Symphony III (Kozhevnikov)
Subtitle: Slavyanskaya, For Concert Band
1. Allegro Decisively - 5:05
2. Temp of a Slow Waltz - 2:45
3. Vivace - 2:20
4. Moderato (Joyously) - 4:20
Bb Clarinet I-II-III
Bb Bass Clarinet
Alto Saxophone I-II
Cornet I -II-III
Trumpet (in Bb) I-II
Horn in F I-II-III-IV
Euphonium (Bass Clef & Treble Clef)
- Bass Drum
- Crash Cymbals
- Snare Drum
- Euphonium, Mvt. I, rehearsal 18: The concert D natural after the eighth rest should be a D-flat.
- Euphonium, Mvt. IV, fifth bar of rehearsal 48: the third beat should be a concert A natural.
Slavyanskaya is a fairly conventional Russian-sounding symphony in four movements. The first is at times aggressive and lyrical, opening with a strong F-minor declamation. The second is a slow waltz with an exuberant episode in its coda. A spritely piccolo solo opens the third movement, a rondo which whizzes by at lightning speed. The fourth movement is an exuberant finale. Throughout the symphony, Kozhevnikov uses folk tunes from his native city of Novgorod as the sources of his melodic material. Although Kozhevnikov wrote Slavyanskaya in 1950, it did not receive its first performance in the U.S. until the late 1990s.
The word “Slavyanskaya” (in Russian Славянская) appears to be nothing more than a proper name. It’s also applied to a public square in Moscow, a fancy Radisson hotel also in Moscow, and a Russian brand of vodka.
- Program note by Andy Pease
Legend would tell us that the United States Marine Band (“The President’s Own”) performed a feat of great espionage upon their return home from the Soviet Union in 1990. As the military tells us, “Combining music of Sousa with images of Lenin, the Marine Band toured five cities in the former Soviet Union, becoming the only American military band to tour the USSR before its transformation into independent states.” The tour generated a bounty of propaganda during the waning months of the Cold War.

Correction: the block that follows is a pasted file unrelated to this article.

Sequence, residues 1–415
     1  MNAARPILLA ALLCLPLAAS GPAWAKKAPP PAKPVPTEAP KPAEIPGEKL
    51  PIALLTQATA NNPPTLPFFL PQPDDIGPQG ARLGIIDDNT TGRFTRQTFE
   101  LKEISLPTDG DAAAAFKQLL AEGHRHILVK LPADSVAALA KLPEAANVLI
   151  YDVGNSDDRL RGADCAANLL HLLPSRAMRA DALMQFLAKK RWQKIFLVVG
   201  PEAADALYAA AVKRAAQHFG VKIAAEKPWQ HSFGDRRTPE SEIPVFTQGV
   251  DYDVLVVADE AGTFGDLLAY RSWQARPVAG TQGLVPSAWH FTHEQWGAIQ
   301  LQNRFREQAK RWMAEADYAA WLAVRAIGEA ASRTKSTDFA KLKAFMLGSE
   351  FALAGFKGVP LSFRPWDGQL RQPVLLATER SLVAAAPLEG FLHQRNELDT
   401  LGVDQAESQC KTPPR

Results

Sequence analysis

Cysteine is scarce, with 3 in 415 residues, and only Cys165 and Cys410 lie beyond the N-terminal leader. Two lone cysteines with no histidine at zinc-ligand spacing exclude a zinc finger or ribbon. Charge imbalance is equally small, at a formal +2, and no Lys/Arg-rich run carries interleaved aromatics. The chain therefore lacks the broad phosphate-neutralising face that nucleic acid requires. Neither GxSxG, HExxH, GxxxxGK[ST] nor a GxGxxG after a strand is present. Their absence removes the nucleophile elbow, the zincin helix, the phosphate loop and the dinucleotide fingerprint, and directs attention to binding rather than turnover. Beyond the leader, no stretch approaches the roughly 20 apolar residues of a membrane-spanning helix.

What we did not learn about until years later was the wealth of Russian band music discovered by the Marine Band musicians while on tour and, as some would tell, smuggled into the United States upon the band’s return home. Boris Kozhevnikov’s Slavyanskaya Symphony is one of a handful of contraband works heretofore never heard in the Western world until the fall of the Iron Curtain. Although composed in the late 1950s, the compositional style of this symphony is pure Classicism colored with Romantic sentimentality; the symphony reflects the ideals of Socialist Realism. The conservative compositional language (for the 1950s) provides evidence that Boris Kozhevnikov, a Soviet-era bandmaster and conservatory professor, was equally savvy in playing Communist politics — he composed music that was conservative enough for the censors, yet zestfully Slavic and (perhaps subversively) nationalistic.
The contemporary performance edition of this remarkable symphony is the product of the acclaimed U.S. Marine Band conductor, Col. John Bourgeois.
- Program note by Lawrence Stoffel for the California State Northridge Wind Ensemble concert program, 16 March 2012
I first came to know of the symphony through my Norwegian friend and band buff, Jan Ericksen, of Norwegian Radio, Olso. At that time, our knowledge of wind music in the USSR was very scant and obtaining information of performance materials was practically nil. However, Jan was and continues to be the master of musical protocol and he circuitously obtained a score and set of parts for me. Later, Jan was the person who was singularly responsible for achieving a state of ‘musical détente' between the U.S. and the USSR through his Norwegian Radio broadcasts of the Marine Band.
– Program Note by Colonel John R. Bourgeois